IAS symposium explores chemistry of complex matter - Professor Jean-Marie Lehn
Distinguished lectures - IAS symposium explores chemistry of complex matter - November 14, 2016. Original article on the CityU NewsCenter IAS website.
The two-day Institute for Advanced Study (IAS) Symposium on Chemistry of Complex Matter at City University of Hong Kong (CityU) kicked off with a Nobel Laureate’s distinguished lecture on 14 November.
The symposium invited scholars and renowned chemists from Europe and China to share their academic discoveries through a series of lectures delivered during the event.
Professor Way Kuo, CityU President, said at the opening ceremony that CityU had been performing well and was now ranked 55th in the world, according to Quacquarelli Symonds (QS). CityU established IAS to deepen professional education and academic research and provide solutions for the world challenges.
Professor Lu Jian, Vice-President (Research and Technology) of CityU and Acting Director of IAS, said that the institute encouraged collaboration among the world’s leading scholars to address society problems. IAS’ contribution to advanced knowledge and innovative idea was at the frontier of science and engineering, he added.
Professor Jean-Marie Lehn, IAS Senior Fellow and Director of the Laboratory of Supramolecular Chemistry at the University of Strasbourg, France, delivered the opening lecture titled “Perspective in Chemistry: From Supramolecular Chemistry towards Adaptive Chemistry”.
Supramolecular chemistry is a dynamic chemistry due to the liability of non-covalent interactions, according to Professor Lehn, who shared the Nobel Prize in Chemistry in 1987 with two other scholars for his studies on the chemical basis of “molecular recognition”.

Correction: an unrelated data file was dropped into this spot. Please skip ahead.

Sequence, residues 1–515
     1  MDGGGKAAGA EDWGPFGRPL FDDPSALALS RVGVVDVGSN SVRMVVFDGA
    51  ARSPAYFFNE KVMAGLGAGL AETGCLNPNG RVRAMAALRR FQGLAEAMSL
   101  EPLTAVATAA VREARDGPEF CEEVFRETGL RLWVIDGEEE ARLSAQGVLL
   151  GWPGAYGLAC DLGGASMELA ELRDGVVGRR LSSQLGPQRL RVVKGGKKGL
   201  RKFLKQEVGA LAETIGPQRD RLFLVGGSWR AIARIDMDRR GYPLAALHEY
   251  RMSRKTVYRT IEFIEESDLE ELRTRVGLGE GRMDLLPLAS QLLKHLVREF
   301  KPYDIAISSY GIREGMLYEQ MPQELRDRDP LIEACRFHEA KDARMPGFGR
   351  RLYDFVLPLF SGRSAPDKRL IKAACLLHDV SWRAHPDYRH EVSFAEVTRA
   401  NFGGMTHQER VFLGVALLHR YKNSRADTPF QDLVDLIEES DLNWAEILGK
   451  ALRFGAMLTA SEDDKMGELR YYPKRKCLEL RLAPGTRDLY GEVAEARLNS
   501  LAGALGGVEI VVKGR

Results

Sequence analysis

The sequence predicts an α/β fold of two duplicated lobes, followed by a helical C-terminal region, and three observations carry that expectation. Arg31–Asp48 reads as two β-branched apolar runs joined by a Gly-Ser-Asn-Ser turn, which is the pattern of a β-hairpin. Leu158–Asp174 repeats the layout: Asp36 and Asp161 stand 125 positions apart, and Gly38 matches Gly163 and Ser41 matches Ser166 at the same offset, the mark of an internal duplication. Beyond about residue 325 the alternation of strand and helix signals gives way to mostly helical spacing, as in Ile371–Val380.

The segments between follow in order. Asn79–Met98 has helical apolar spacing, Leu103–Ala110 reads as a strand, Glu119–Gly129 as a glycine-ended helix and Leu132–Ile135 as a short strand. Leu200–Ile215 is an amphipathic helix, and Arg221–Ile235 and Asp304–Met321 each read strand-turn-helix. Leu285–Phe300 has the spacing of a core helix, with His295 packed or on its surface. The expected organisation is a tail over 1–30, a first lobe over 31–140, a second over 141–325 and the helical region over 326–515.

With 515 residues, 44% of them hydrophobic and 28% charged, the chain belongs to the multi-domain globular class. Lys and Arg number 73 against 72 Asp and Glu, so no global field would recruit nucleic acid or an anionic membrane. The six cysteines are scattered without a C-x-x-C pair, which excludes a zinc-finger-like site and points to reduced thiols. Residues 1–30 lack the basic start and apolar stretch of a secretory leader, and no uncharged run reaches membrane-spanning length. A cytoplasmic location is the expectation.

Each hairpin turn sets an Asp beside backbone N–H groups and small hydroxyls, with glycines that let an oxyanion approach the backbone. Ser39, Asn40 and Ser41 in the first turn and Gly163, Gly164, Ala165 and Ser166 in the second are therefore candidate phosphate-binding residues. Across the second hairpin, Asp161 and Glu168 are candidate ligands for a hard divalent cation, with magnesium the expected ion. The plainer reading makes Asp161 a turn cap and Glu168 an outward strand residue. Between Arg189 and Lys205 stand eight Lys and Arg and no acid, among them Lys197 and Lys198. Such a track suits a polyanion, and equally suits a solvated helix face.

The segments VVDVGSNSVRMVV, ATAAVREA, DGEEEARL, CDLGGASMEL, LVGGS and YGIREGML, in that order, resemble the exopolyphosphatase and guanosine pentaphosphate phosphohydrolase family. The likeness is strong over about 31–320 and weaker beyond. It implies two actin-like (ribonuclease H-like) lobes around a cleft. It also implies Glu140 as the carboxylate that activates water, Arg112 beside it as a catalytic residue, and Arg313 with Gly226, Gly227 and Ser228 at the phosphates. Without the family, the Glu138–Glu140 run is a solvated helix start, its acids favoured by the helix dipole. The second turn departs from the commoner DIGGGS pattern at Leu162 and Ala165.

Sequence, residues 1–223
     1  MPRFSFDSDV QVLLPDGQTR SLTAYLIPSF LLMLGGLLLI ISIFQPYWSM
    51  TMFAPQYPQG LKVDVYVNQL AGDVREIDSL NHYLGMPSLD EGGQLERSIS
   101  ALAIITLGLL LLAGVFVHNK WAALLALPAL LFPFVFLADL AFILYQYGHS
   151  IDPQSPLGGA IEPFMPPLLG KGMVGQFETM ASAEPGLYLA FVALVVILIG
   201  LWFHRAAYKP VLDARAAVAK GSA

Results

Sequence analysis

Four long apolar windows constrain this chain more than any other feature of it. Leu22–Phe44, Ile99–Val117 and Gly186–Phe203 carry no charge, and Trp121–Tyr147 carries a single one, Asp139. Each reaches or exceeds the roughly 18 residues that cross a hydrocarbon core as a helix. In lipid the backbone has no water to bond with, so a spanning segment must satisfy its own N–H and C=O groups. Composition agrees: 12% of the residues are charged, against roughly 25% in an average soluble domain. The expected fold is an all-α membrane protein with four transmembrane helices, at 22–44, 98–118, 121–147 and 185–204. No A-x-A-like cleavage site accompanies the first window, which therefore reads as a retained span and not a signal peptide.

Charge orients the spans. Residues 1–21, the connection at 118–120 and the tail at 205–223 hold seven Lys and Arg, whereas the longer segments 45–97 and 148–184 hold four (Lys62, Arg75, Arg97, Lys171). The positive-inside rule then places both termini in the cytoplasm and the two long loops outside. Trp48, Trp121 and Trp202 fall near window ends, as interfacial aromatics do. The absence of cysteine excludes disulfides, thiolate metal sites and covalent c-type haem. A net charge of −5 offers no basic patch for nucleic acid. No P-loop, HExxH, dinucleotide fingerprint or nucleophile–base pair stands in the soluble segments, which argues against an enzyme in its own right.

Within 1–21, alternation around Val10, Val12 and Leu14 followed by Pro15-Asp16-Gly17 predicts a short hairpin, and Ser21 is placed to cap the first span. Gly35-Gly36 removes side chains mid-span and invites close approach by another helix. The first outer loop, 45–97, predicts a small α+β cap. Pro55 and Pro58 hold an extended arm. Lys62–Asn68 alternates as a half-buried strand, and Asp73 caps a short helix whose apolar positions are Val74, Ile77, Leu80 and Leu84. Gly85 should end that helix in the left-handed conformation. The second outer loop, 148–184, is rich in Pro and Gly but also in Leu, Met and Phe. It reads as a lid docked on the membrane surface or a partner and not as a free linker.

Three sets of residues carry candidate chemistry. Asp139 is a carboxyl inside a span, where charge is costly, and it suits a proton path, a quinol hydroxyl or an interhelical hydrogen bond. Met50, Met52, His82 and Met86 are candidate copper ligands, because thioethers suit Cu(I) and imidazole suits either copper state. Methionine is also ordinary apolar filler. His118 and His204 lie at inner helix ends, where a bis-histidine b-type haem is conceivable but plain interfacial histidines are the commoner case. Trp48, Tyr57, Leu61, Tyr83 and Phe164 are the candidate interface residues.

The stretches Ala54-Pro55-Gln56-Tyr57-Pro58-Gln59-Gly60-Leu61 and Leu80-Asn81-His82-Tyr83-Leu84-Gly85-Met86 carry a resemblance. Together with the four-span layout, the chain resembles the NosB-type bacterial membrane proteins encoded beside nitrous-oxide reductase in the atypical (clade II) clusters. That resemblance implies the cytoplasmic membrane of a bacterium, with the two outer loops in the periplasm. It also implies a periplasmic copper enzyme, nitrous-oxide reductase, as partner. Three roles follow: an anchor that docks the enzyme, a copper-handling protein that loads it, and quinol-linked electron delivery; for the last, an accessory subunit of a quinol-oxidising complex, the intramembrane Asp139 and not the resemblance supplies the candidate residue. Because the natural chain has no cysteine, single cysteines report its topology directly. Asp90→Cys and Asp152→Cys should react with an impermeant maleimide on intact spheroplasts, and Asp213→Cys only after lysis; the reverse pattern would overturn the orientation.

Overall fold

He said that Constitutional Dynamic Chemistry (CDC) enabled adaption through exchange, incorporation and decorporation of the components of a supramolecular entity in response to a physical stimulus or a chemical effector.
CDC generates networks of dynamically interconverting constituents, constitutional dynamic networks, presenting agonistic and antagonistic relationship between their constituents.
Professor Lehn concluded that the implementation of these concepts points to the emergence of adaptive and evolutive chemistry, and towards a chemistry of complex matter.
The other lectures during the symposium included:
· “Dynamic Systems for Reaction Networks, Synthesis and Catalysis”, by Professor Olof Ramström, Department of Chemistry, KTH-Royal Institute of Technology, Stockholm, Sweden;
· “Janusarene” by Professor Wang Jiaobing, School of Chemistry, Sun Yat-sen University, Guangzhou, China;
· “EuroTracker Dyes and Probes” by Professor David Parker, Department of Chemistry, Durham University, Durham, UK;
· “Dynamic Constitutional Frameworks” by Dr Mihail Barboiu, Adaptive Supramolecular Nanosystems Group, Institut Européen des Membrances- University of Montpellier II, France; and
· “Dynamic Supramolecular Polymers as Functional Materials” by Professor Nicolas Giuseppone, Institut Charles Sadron, CNRS and University of Strasbourg, France.